So there you have it. A little reminder that not only clothing, but accessories can be altered for petite frames as well. My favorite sterling silver ball bracelet was shortened by me a few years ago, but I recently discovered it’s too-big-for-me sister in my jewelry box. Would anyone be interested in a “how I shortened my silver bracelets” post? Nevermind…just took a closer look and it’s a box chain underneath, and can’t be shortened without the ability to weld sterling silver back together. Darn!

Does anyone do their own bead/pearl restringing? Any tips?

Join the Conversation


  1. says: R.L.

    I would also love to hear if anyone has any restringing tips!  When I was in China, I bought a pearl necklace and bracelet and they strung it (and knotted it after each pearl) right in front of me to match my wrist and neck.  If I knew which thread and needle to buy I would totally restring some of my other pearl necklaces.

    1. says: joceline

      Sorry to delurk awkwardly after being a long-time reader, but I love to restring pearl necklaces, since you can often buy pretty nice pearls on ebay/etsy from overseas.  The only downside from buying from wholesalers is that they’re usually strung on fishing line without any knots in between.  I use Dandyline from Michael’s, it’s just a thin, very strong white synthetic thread that’s almost impossible to break and makes a nice, tight knot.  You can find it in the beads section next to the jewelry wiring and findings, and as for a needle, I usually dip the end in some clear nail polish, roll it between my fingertips, and let it dry into a stiff point.  I learned from this video!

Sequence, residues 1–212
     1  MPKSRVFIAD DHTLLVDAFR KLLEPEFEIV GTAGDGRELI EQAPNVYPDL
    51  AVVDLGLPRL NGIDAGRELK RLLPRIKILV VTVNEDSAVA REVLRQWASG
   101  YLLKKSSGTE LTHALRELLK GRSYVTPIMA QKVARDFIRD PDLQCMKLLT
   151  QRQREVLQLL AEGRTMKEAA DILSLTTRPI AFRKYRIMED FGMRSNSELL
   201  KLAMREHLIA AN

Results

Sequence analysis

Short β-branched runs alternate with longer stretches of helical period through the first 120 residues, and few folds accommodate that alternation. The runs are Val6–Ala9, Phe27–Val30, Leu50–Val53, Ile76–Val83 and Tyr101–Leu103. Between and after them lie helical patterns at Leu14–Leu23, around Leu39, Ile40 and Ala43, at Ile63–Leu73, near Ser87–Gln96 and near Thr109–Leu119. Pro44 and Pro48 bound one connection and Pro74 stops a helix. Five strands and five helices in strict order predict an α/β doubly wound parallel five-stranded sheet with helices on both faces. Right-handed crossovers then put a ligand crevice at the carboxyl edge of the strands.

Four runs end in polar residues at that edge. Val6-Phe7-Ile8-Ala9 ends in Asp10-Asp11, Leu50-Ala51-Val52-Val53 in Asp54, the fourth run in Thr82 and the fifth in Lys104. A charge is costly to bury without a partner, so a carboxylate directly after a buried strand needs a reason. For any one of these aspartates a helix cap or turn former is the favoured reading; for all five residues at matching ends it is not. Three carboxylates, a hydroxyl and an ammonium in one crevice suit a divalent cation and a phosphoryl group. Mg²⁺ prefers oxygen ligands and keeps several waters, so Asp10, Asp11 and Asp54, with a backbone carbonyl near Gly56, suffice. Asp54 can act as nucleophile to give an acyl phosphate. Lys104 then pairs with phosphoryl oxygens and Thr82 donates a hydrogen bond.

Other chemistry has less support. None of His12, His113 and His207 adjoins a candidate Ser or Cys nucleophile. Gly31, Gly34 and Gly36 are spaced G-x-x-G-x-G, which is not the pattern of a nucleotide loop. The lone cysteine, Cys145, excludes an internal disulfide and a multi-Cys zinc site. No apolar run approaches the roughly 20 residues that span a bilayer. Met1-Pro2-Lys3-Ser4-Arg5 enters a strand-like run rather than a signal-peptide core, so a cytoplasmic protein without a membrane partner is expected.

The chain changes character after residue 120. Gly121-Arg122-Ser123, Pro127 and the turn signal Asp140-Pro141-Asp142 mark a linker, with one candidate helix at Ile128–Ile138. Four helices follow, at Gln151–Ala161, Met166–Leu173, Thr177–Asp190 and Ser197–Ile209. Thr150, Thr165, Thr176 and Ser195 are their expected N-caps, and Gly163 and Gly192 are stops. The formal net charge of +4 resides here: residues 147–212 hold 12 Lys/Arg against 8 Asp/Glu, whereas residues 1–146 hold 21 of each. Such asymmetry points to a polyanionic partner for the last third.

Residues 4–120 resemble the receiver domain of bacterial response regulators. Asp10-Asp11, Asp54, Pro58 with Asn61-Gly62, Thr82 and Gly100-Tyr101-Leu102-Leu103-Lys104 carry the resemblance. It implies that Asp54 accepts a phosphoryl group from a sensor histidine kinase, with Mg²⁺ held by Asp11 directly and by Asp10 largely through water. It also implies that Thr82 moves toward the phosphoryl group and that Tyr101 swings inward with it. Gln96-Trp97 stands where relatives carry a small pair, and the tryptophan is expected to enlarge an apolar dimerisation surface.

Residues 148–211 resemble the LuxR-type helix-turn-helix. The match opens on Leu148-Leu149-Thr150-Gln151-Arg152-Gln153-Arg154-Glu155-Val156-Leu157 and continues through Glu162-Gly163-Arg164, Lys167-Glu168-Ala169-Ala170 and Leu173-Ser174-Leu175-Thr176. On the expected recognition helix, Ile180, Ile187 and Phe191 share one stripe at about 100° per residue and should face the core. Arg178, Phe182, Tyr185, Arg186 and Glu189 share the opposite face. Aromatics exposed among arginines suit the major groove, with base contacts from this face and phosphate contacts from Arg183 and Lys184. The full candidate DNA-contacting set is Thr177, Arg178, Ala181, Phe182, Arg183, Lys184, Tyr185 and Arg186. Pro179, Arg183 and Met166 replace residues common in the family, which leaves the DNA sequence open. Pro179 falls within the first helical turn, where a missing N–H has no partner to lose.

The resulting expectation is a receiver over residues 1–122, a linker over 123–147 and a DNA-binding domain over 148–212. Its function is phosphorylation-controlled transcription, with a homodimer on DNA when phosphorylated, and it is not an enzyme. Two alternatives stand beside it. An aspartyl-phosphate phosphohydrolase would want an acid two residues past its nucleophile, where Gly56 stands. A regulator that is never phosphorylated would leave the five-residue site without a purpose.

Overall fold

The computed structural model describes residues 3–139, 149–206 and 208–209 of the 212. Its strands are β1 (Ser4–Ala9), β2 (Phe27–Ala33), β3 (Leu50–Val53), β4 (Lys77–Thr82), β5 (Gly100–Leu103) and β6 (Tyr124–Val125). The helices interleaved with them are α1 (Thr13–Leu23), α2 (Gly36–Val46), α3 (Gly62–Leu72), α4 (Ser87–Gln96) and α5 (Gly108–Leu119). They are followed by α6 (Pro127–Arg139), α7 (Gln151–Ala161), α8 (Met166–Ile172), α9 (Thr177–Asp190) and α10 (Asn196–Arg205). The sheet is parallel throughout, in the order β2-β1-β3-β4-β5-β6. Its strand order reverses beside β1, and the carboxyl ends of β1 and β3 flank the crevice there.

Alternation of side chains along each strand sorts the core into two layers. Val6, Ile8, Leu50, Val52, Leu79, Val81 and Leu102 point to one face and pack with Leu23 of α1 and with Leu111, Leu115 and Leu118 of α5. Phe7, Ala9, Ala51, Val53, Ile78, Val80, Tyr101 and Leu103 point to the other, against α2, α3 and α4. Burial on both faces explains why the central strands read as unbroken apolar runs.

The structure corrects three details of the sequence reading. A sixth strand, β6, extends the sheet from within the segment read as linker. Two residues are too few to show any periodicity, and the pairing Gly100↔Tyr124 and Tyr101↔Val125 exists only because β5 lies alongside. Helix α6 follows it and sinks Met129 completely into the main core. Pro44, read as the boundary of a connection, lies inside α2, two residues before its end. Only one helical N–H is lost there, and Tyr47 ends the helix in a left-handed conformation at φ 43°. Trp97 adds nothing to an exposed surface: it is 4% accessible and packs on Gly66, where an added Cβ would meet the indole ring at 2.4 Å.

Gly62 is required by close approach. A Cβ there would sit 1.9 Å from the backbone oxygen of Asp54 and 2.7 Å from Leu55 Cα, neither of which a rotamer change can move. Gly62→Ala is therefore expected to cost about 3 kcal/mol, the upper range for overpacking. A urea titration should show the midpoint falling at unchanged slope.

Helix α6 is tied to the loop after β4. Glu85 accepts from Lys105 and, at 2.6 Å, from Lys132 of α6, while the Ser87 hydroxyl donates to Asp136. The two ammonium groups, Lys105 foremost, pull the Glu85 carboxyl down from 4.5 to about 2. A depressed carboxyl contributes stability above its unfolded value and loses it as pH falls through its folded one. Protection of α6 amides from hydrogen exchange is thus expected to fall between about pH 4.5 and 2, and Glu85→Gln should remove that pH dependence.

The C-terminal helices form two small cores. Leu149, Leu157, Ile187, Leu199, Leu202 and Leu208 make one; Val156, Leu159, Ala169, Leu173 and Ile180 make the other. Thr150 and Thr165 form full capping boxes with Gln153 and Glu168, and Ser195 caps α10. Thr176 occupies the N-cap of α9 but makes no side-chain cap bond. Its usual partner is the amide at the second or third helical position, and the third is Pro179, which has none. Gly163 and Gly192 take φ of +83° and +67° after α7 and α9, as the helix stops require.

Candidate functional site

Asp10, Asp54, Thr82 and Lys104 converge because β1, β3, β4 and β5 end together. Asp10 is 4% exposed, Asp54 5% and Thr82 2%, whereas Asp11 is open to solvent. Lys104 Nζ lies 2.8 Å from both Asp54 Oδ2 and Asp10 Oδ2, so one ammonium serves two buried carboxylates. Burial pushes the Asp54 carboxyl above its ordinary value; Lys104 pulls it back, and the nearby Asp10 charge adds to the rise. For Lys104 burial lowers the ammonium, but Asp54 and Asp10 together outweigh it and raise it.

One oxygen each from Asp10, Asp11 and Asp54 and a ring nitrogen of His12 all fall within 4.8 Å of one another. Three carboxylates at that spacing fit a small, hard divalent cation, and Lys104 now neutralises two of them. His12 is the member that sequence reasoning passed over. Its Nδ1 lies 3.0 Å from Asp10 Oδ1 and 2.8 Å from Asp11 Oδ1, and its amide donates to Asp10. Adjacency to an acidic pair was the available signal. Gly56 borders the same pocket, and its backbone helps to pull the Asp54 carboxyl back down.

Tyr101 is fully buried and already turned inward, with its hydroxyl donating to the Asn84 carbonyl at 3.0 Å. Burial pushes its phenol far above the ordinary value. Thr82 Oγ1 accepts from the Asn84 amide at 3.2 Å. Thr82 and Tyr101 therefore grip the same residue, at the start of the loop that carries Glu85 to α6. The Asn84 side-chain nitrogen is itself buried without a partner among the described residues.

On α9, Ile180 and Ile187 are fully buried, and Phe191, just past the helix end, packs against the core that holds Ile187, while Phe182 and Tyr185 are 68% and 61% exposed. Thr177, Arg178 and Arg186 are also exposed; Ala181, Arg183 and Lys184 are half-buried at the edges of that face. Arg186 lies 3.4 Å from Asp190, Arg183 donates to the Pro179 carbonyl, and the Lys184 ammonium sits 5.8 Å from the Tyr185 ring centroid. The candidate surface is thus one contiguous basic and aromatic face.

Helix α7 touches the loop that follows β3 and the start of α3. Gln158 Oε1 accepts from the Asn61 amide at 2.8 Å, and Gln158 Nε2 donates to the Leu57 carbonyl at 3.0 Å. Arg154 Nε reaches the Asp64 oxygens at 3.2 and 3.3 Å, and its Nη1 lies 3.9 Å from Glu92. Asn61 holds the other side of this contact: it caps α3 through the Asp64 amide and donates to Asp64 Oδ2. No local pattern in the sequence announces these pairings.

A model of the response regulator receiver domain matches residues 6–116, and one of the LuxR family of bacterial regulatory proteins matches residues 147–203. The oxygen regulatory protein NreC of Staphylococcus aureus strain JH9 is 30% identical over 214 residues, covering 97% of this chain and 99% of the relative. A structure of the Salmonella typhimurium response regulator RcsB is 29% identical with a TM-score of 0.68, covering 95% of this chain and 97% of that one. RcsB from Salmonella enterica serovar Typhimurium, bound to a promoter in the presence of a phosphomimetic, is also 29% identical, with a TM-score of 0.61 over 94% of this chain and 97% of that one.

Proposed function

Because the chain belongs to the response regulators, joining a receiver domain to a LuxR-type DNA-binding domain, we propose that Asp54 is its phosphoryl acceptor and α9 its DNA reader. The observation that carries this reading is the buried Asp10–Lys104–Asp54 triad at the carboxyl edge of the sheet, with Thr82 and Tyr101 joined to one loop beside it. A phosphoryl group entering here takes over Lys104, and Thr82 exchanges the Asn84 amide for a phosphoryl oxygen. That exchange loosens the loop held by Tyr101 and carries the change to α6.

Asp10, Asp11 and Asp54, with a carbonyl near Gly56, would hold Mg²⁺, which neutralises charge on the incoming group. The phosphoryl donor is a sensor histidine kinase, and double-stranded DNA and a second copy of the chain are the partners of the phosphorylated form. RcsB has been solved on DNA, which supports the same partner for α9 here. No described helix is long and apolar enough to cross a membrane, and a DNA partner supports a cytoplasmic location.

2. says: ADL

    I’ve heard you should get your pearls restrung on a regular basis as the thread/silk weakens overtime (as with all fabrics).  I had my great-grandmother’s pearl necklace restrung by a professional; it was worth it to me to not have to worry about me damaging them.

  3. says: Anonymous

    Of course! I don’t have as big of an issue as you do with large bracelets but there are ones that I have that are just slightly too big.  I would love to see how you alter them!

  4. says: Tiffany

    I have re-sized a few pearl necklaces, etc. but they were usually made with individual eyepins instead of knots, so I did it with needle-nose pliers.